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Soul on Ice
Posted By Alex Belth On May 12, 2013 @ 9:03 am In 1: Featured,Game Recap,Yankees | Comments Disabled
I was too young to remember Ali in his prime, or even Dr. J. I watched Bird and Magic and then Jordan, so I know from watching greatness, admiring it, even when–in the case of Magic or Jordan–I rooted against it. But I’ve never rooted for anybody as great as Mariano Rivera. After the game was over last night and Rivera had recorded his 14th save of the season  I tried to articulate my feelings when it hit me–I don’t have any idea of what it’s like to watch Rivera as a Yankee-hater. Every time I’ve seen him pitch, I’ve wanted him to succeed.
With Rivera, discussions of the value of a closer compared with the value of a starting pitcher or an everyday player are mind-numbingly boring. And they miss the point. Sure, his numbers provide their own proof and satisfaction (Looking at Rivera’s post-season statistics is like watching a parade of zeroes). But greatness is a singular thing Rivera’s aesthetic brings a touch of myth to the discussion. Mike Francesca was right when he dubbed Mo “The Great Mariano,” a nod to Hemingway and “The Great DiMaggio.” With Rivera, we’re talking a modern myth: The Silver Surfer.
More than any player I’ve ever rooted for, Rivera makes me appreciate the moment, the now. This has something to do with the dramatic nature of his position, coming in a the end of the game, but also his stubborn calm–I’m always reminded of the phrase “mulish imperturbability,” which James Agee used to describe Buster Keaton.
There’s an old sports writer’s cliche that says it is easier to write about the losers than the winners because winning isn’t that compelling. How do you explain what Rivera does? He chalks his gift and success up to the Lord and what can you do with that? We can dream up our own theories but they amount to the same thing: He’s blessed by something deep and profound. We know he works hard and appears to posses humility.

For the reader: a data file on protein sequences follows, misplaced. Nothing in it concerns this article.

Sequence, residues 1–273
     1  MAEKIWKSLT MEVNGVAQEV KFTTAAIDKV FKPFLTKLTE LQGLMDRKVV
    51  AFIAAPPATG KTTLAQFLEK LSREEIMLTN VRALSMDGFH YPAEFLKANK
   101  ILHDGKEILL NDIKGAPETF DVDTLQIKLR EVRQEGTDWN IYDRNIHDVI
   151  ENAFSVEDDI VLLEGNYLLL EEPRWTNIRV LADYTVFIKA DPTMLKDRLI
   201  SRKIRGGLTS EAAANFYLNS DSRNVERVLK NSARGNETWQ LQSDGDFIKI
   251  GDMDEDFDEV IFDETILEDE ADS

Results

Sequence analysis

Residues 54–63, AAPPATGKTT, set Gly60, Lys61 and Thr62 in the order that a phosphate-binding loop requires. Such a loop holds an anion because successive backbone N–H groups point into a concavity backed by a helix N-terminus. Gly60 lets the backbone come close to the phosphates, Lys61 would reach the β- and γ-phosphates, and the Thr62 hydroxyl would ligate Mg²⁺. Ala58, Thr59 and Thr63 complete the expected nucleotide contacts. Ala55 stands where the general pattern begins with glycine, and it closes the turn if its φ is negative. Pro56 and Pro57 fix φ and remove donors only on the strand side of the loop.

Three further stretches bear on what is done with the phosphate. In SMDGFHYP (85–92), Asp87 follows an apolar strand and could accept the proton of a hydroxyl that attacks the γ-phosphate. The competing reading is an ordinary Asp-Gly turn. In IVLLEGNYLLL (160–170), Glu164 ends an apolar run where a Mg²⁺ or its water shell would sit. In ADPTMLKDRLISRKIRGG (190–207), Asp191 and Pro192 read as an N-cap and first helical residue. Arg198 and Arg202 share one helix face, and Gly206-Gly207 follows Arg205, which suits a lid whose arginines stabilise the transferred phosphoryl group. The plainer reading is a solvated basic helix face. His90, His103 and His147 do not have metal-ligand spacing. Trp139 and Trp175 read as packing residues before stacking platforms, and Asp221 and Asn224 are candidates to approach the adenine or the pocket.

Last week he told reporters:
“When you respect the game of baseball, you respect everything that comes with baseball–the guys that are my peers, the other teams, you have to respect them…You’re not bigger than the game. You’re finished and the game will continue, so take into consideration, you always will keep that line and say humble. Because the game will always be bigger than you. Always. So it’s nothing you can do that will be better than the game.”
He’s said things like this for years and he seems sincere, even though we can never pretend to know a public figure intimately by what they say for print. We do know that opponents flock to him as if he were a Holy Man like this scene a few weeks back against the Blue Jays.
And we know that his pitching motion is as beautiful and fluid as any that we can remember. Dr. J once said, “When you reach a level of greatness, there’s a certain added element that goes into making it look easy.”
What we can do is talk about what it means to watch such a performer, how they give us a sense of assurance and peace in our imperfect and unpredictable lives. For Yankee fans, that feeling goes away at the end of this year. There will be other great players, more artistry to come, but nobody will ever do it quite like this.
[Photo Credit: David Zalubowski/AP]
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